1. Now for some deck furniture. Before I start I'd like to point out that the technique I use I learned from John Fox III. He told me to break down the objects into their individual shapes. For instance when you look at a cannon the main shapes are a cylinder that sits on a rectangular box. By breaking down the shapes of objects it makes them easier to model at a small scale. One other note. One thing I do starting out with deck furniture is mark where the mast is going. You don't want to put a hatch or a deck house right where the mast is supposed to be. So I put a small pencil mark where the mast will be. The first piece I'll work on for this ship is the helm. Breaking down the shapes for this helm, it will have a rectangular box that holds the helm and a circular object that is the helm. The box is easy enough I cut a piece of wood into a tiny box that fits the size I want and glue it in place. The circular piece it harder. It's hard to get circles small enough to fit the scale. One of the great techniques of ship in bottle building though is to use found objects that fit the pieces you need. Just as old sailors used bottles and wood scraps that were otherwise garbage on the ship, there is often objects lying around that can work for ships in bottles. One technique I like a lot for helms is going down to the watch repair store and asking for spare gears. Watch gears make very good helms. We'll cover found objects more when I get to the cannons. If you don't have access to a watch store there is another method that can be done with string. Take a piece of string and tie loose knot. Then slowly tighten that knot into a loop that is the size of the helm. Glue it down and trim off the edges. Any left over edges glue into the circle so you have a nice round piece of string. Then the piece of string is glued on to the rectangular box that holds up the helm. Report post (IP: 97.118.17.116) Posted June 5, 2018 Now for some deck furniture. Before I start I'd like to point out that the technique I use I learned from John Fox III. He told me to break down the objects into their individual shapes. For instance when you look at a cannon the main shapes are a cylinder that sits on a rectangular box. By breaking down the shapes of objects it makes them easier to model at a small scale. One other note. One thing I do starting out with deck furniture is mark where the mast is going. You don't want to put a hatch or a deck house right where the mast is supposed to be. So I put a small pencil mark where the mast will be. The first piece I'll work on for this ship is the helm. Breaking down the shapes for this helm, it will have a rectangular box that holds the helm and a circular object that is the helm. The box is easy enough I cut a piece of wood into a tiny box that fits the size I want and glue it in place. The circular piece it harder. It's hard to get circles small enough to fit the scale. One of the great techniques of ship in bottle building though is to use found objects that fit the pieces you need. Just as old sailors used bottles and wood scraps that were otherwise garbage on the ship, there is often objects lying around that can work for ships in bottles. One technique I like a lot for helms is going down to the watch repair store and asking for spare gears. Watch gears make very good helms. We'll cover found objects more when I get to the cannons. If you don't have access to a watch store there is another method that can be done with string. Take a piece of string and tie loose knot.  Then slowly tighten that knot into a loop that is the size of the helm.  Glue it down and trim off the edges. Any left over edges glue into the circle so you have a nice round piece of string. Then the piece of string is glued on to the rectangular box that holds up the helm.   One thing to keep in mind is you don't need a perfect helm. With the location and size chances are no one will even notice how the helm is modeled. When it comes to modeling ships this size the details can be left out. Often I find the mind has a way of recognizing the shapes and filling in the details. So how far you take those details is up to you. Personally I like the challenge. In reality you could glue in the rectangular box with no helm and chances are no one would know the difference. Moving forward I modeled a small deck house. It's more of a raised hatch on this ship. The picture below is a good example of what this looks like and the Bermuda sloop deck in general. The hatch just forward of the helm is made up of a box with a tilted top. This top stick out over the edges slightly. So to model it I cut a piece of wood into a box, sand the top down and glue on some paper strips on top. Then with a pencil I made a mark for the hinges. Looking at this photo know I think I have the helm in the wrong place. All well it's already glued in. Another important tip. You are the captain of this ship and things go where you want them to go. You can follow my instructions or do it your own way. What ever makes you the captain the happiest with your work. After the deck house I put in a couple hatches. I can't remember if this is a Jim Goodwin technique or a Greg Alvey technique. I learned it from one of them. Any way, first I find some plans for hatches. I googled it and found some that I pasted into word and copied and resized the photo to a lot of various sizes. With the varied sizes I can makes hatches for a variety of ships by printing one page of hatches. The word file I used for this ship is attached. Once I have the hatches printed I turn the page over and lightly stain the back of the page. That way the ink doesn't run. The wood stain gives it a wood color and the ink makes it look like a hatch. Then I cut out the hatch and glue it on the hull. For this I use white glue. This allows me plenty of time to put the hatch in position. If you use super glue and the hatch goes down crooked it becomes a big mess.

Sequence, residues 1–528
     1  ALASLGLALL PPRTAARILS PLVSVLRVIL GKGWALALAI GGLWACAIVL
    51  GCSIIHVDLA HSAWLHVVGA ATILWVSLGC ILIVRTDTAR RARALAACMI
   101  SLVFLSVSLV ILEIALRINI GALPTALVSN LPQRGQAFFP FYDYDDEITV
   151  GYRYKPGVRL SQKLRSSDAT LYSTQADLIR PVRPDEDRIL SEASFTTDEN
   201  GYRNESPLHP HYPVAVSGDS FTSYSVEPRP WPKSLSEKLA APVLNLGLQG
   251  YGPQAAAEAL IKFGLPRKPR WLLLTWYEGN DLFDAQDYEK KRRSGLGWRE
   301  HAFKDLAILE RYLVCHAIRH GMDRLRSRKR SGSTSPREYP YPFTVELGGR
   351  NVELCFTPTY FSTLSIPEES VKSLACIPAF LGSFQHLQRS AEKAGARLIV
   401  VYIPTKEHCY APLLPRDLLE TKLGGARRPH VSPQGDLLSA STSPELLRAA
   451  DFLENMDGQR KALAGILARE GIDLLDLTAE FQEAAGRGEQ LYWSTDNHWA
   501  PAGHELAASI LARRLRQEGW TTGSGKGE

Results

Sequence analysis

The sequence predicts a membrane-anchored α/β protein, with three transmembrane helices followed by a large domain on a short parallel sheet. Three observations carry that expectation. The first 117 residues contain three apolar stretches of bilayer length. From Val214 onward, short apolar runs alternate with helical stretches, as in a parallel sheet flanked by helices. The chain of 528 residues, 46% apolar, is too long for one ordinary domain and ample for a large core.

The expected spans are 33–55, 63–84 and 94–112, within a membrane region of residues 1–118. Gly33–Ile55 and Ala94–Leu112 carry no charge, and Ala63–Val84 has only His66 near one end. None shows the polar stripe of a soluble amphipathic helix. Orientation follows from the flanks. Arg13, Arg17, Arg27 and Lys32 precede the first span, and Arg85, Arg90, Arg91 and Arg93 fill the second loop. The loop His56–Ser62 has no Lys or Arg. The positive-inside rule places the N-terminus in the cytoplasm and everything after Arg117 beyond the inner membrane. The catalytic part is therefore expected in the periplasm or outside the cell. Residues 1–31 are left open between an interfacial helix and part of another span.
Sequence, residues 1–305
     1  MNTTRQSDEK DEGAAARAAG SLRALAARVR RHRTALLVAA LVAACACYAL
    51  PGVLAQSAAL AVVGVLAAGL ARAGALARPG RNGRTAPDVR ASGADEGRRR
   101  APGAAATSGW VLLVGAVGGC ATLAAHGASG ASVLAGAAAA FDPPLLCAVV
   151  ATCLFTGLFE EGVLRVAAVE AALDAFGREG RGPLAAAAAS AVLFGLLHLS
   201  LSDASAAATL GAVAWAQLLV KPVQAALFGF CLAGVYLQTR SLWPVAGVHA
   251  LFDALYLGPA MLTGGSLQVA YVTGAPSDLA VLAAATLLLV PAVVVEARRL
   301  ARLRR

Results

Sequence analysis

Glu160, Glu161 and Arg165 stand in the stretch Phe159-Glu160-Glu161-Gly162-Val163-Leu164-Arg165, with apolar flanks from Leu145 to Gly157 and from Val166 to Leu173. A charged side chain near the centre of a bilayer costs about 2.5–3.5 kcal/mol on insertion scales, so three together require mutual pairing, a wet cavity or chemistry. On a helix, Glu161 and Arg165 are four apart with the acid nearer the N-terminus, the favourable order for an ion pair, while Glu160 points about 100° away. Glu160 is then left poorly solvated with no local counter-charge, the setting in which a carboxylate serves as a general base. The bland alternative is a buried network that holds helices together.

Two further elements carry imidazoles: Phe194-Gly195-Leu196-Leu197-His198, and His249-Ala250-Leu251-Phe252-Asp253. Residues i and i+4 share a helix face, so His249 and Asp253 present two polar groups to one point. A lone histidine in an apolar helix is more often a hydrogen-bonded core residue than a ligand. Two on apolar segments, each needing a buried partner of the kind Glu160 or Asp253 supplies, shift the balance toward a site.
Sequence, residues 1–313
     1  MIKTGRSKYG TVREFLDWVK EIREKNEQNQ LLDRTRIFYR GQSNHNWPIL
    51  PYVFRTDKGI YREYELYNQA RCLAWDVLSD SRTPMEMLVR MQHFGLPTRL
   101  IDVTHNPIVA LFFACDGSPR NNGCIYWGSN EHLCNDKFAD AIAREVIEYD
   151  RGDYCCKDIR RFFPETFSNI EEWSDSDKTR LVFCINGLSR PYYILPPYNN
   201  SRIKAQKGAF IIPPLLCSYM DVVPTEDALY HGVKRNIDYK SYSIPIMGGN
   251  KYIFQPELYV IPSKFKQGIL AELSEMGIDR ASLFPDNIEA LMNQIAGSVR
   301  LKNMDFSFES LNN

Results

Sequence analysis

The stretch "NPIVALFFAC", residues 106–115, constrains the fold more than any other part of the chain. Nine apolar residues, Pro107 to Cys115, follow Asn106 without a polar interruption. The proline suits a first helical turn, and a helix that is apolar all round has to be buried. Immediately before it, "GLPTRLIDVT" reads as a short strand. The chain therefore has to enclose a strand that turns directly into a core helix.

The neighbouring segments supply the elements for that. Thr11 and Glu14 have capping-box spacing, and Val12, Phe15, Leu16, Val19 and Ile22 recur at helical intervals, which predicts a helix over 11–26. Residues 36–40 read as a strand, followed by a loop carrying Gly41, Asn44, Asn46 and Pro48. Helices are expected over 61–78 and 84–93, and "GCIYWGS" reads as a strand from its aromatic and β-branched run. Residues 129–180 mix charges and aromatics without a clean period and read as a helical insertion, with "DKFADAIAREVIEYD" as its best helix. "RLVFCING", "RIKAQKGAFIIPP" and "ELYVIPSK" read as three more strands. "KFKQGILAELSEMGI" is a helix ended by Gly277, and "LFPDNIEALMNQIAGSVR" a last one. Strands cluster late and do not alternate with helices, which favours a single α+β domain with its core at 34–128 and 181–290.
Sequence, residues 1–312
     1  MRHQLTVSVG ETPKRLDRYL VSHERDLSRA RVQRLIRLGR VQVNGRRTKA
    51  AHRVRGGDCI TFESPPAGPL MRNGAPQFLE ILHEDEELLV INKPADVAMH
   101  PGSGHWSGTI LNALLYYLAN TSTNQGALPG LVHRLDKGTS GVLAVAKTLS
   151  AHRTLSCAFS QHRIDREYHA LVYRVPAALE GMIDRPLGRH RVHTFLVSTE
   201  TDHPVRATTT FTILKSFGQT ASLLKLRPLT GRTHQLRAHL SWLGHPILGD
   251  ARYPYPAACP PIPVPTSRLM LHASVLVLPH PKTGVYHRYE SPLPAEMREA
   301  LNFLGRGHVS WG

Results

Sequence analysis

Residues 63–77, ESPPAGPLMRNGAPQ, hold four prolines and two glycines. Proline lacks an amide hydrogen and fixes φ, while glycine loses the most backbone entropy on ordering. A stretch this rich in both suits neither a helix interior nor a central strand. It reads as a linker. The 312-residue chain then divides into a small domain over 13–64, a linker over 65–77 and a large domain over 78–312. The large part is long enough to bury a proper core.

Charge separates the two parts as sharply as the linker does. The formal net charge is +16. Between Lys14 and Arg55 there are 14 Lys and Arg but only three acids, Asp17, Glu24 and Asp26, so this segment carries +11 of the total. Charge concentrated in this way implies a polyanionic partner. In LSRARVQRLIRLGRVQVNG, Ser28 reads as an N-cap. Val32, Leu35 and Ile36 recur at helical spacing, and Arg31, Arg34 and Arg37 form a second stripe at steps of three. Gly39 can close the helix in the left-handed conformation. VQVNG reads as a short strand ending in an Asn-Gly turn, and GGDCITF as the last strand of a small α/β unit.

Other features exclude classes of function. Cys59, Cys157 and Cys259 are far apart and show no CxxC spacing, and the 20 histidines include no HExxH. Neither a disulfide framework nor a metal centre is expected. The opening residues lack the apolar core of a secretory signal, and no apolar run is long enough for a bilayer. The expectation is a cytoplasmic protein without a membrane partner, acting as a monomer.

2. The planking method works well and I think it looks good. I cut some paper at 1.5 mm stained it with golden oak and glued it in place. I started from the outside edges and worked in. I also stained the hull with golden oak. From there I did the windows. One of the best ways to do windows is to print off windows from plans and glue them onto the model. My printers down at the moment so I hand drew some windows. I took a darker stain and stained a strip of paper for the door.